One focus of the Fremont Area United Way is to assist, teach and empower individuals and families in Dodge and Washington Counties in meeting their rent, utilities and food needs.
In an effort to make that goal a reality the Fremont Area United Way, with help from over 200 local volunteers, will be packaging 40,000 meals for area youth at the Campaign Kick-Off and Food Packaging Day on Aug. 18 at First Lutheran Church, 3200 E. Military Ave.
The day starts at 8:30 a.m. with a Fremont Area Chamber of Commerce Coffee and volunteer registration, followed by a 30-minute-long presentation at 9 a.m. followed by the packaging of food from 9:30 through 2:30 p.m.
“The community really rallies around this event and our volunteer opportunities fill up fast,” Shawn Shanahan, Executive Director of Fremont Area United Way, said.
Following Chamber Coffee at 9:30 a.m. there will be a short program that will feature this year’s Campaign Co-Chairs Brett and Heidi Richmond, as well as a presentation by Shanahan on food needs in the community.
“Our Campaign Chairs will be sharing information about why they chose to be the chairs this year, and their past involvement and interest in United Way,” Shanahan said.
The presentations will lead into the packaging of 40,000 meals which will provide a year’s worth of meals in the district’s backpack program. The meals, which will be minestrone soup, will also be distributed to Low Income Ministry, Salvation Army and Joseph’s Coat.
“They will all stay here locally,” Shanahan said. “So the meals will go out to children, families, and individuals throughout our community who need food.”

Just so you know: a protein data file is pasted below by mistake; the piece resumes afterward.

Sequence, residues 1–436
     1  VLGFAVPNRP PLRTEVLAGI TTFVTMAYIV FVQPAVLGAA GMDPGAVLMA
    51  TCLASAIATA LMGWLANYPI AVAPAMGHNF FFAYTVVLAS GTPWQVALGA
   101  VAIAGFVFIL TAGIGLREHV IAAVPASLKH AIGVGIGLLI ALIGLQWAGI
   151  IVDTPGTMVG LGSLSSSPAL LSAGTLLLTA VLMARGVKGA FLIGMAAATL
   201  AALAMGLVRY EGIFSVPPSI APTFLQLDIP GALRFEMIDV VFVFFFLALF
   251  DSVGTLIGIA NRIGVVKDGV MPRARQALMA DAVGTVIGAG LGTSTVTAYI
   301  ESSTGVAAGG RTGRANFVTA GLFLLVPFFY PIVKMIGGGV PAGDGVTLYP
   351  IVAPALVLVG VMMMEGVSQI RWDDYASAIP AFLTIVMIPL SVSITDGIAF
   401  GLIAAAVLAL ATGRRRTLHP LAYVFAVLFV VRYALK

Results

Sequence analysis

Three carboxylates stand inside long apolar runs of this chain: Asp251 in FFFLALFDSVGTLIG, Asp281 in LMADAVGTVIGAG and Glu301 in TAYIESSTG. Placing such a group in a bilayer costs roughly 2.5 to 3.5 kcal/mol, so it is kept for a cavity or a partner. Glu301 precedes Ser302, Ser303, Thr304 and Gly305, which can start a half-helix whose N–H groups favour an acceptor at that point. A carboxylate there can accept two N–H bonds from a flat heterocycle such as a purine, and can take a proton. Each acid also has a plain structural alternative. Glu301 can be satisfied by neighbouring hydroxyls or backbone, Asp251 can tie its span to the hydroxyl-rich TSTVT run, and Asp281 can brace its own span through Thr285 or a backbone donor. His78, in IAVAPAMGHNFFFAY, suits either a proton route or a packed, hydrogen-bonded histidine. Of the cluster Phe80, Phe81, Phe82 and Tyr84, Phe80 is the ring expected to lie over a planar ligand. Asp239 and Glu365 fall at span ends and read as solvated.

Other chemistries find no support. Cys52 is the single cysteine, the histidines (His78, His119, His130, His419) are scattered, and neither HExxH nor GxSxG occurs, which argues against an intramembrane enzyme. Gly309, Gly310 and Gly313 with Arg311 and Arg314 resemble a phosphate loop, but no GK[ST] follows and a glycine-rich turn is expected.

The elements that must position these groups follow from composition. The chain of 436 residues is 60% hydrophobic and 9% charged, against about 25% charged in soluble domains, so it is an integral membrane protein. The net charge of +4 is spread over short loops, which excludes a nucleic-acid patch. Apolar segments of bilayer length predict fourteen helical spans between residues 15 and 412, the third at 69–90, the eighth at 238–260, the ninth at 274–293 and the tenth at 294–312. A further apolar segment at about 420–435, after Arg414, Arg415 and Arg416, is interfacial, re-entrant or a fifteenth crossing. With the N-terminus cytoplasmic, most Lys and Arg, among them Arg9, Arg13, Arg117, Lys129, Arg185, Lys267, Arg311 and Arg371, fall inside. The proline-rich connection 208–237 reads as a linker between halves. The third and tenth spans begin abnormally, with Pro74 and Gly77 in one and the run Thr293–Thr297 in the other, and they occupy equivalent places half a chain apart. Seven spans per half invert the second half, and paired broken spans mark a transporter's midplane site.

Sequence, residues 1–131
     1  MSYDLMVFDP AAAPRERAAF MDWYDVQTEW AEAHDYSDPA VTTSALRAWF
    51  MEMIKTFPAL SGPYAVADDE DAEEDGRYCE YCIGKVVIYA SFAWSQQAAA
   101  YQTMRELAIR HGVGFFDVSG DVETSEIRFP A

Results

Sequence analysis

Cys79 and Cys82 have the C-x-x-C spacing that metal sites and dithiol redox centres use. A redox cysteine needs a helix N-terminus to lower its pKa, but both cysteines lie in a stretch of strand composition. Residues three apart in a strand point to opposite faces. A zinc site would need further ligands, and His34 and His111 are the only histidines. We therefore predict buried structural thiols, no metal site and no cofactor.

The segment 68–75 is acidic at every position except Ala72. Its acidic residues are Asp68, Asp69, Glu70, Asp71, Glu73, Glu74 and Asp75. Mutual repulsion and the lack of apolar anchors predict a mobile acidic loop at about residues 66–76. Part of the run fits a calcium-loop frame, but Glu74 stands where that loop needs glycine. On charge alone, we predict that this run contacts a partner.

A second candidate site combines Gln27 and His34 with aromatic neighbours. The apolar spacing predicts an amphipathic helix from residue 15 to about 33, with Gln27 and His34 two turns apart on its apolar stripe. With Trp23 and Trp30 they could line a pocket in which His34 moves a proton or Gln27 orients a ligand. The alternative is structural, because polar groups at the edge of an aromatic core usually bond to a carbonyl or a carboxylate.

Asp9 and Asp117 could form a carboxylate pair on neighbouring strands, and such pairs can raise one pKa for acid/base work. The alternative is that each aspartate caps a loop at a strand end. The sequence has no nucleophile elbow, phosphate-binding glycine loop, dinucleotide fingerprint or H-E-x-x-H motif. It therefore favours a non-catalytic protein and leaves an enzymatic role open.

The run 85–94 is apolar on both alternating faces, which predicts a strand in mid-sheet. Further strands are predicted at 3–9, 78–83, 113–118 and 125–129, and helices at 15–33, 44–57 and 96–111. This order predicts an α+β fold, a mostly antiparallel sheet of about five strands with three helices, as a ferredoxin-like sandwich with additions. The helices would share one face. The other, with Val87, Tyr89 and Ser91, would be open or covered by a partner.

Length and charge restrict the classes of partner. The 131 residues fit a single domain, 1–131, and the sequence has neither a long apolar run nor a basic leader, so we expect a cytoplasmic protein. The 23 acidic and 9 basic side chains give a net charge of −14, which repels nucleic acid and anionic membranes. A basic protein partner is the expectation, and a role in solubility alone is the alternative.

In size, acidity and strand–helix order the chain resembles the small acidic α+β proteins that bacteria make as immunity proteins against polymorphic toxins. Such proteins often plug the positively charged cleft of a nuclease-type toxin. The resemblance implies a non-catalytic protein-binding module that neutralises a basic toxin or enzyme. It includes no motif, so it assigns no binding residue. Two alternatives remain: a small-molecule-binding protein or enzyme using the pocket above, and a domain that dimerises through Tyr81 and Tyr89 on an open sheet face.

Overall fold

Volunteers work on assembly groups comprised of 10 people and pack meals for one hour and 15 minutes, with the goal of packaging 40,000 meals at the end of the day.
With the Food Packaging Day also serving as this year’s Campaign Kick-Off and according to Shanahan the organization has several goals for this year’s campaign.
“We are hopeful to gain five new workplace campaigns this year and we are also challenging all of our workplace partners to increase contributions and awareness,” she said. “So we are challenging people to increase, and we are also working hard to move to our impact model of measuring results so that we can truly show the donors that their donor dollars are making an impact and creating positive change in our community.”
According to information on United Way’s website the initiative based community impact is taking a specific problem in the community and focusing funding and efforts to address the problem. This is done in collaboration with other organizations by leveraging funding, expertise and resources.
“We continue to see revenue growth with outcomes and significant service delivery amongst our partnering agencies and we do a great job of being stewards of our donor dollars,” Shanahan said.